Cool PDP mainframe photos!

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Bill Loguidice
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I assume, but don't know for

I assume, but don't know for sure, that white-on-black came about due to the flickery nature of CRT's. The Macs had a high refresh rate (72 Hz?) to alleviate this & allow for white backgrounds.

Bill Loguidice
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Screens
Matt Barton wrote:

I'm not sure which one I prefer. I guess I could handle all of them, though I am most familiar with the green ones, of course. The amber screens on the PLATO emulator seem to work well; definitely a "warmer" color than green or white. I was a big fan of white text on black for a long time, but now shy away from it.

Yeah, it's funny how white on black from days of yore are now black on white in terms of text. Not sure why, but it's no doubt a preferential visual thing for the eyes. I certainly am accustomed now to nice, bright screens, with white backgrounds over dark backgrounds, that's for sure.

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Matt Barton
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I'm not sure which one I

I'm not sure which one I prefer. I guess I could handle all of them, though I am most familiar with the green ones, of course. The amber screens on the PLATO emulator seem to work well; definitely a "warmer" color than green or white. I was a big fan of white text on black for a long time, but now shy away from it.

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Bill Loguidice
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davyK wrote:

I just found that amber on black was easier on the eye. I was writing code as a full time job and it was just easier on the eye for me. Most people had green screens but I was lucky enough to get amber. I just liked the colour better too.

I think I remember reading somewhere that optically it was better for your eyes - can't reference that or anything of course.

I always heard green was better myself, though like I said, I was never a fan of green screens. I always found black and white the most comfortable, which is one reason why I prefer my TRS-80 Model 4 with black and white screen over the one with the green screen. Of course green screens were huge on the Apple II. I always thought amber was crisper. Probably when it all comes down to it, whether or not green was better than either amber or black and white (I think there may have been a few other tints over the years), there was probably a practical reason for so many green screens back then, like it being easier and cheaper to produce or something. I'd love to know the full story, though it's admittedly a peculiar curiosity.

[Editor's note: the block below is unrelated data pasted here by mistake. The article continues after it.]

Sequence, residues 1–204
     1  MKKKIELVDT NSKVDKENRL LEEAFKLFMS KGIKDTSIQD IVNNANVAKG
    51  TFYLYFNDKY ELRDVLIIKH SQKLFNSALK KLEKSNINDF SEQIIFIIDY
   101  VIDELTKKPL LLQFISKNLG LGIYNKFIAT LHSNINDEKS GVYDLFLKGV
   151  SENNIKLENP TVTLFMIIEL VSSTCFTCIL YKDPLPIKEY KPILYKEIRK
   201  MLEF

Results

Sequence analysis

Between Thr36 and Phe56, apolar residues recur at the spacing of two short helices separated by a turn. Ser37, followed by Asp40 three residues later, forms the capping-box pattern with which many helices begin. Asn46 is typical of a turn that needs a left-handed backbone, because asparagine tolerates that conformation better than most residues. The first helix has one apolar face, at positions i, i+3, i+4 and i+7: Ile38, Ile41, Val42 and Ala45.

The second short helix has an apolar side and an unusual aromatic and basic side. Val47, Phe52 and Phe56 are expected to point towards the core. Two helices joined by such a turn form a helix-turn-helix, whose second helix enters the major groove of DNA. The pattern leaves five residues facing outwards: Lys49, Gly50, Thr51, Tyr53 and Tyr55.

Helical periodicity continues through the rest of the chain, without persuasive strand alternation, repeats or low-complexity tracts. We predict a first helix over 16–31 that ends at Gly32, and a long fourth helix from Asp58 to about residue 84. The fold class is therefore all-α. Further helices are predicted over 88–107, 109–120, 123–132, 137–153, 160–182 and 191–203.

The paper white VGA screens always intrigued me as well, sort of a sharper riff on the classic Mac screens, though those have more of a bluish tint. Of course the paper white hi-res VGA screens were during the era of ubiquitous color, so I never got a chance to personally spend much time with one.

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Bill Loguidice, Managing Director | Armchair Arcade, Inc.

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davyK
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I just found that amber on

I just found that amber on black was easier on the eye. I was writing code as a full time job and it was just easier on the eye for me. Most people had green screens but I was lucky enough to get amber. I just liked the colour better too.

I think I remember reading somewhere that optically it was better for your eyes - can't reference that or anything of course.

Bill Loguidice
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Your preference for Amber,

Your preference for Amber, was that a one-off thing, meaning that in this case the amber was better than green, or did you prefer amber over green in general? Personally I always preferred black and white, amber and then green (in that order).

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davyK
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The first linked image - it

The first linked image - it looks like a VT420 or maybe a VT440 terminal sitting on the right. I used those when I used to program DEC VAX machines in COBOL.

The amber display was far better than the green - the 440 was dual session - you could log in twice at the one terminal which was handy for debugging.

The big terminal on the left looks like a VT100 - I used those at technical college. The Digital video terminals had optional pixel scrolling which was super smooth....

I used these until PCs got decent VT emulation. I used Powerterm and KEAterm. I preferred KEA as it had a full featured scripting language you could use for all sorts of purposes. I even had graphical windows fronting the character-based screens with data passing between them This technique was(is!) called screen scraping and it was a good way of modernising the look of old character-based user interfaces.

This technique is still used today by middleware packages to integrate old systems with modern technology.

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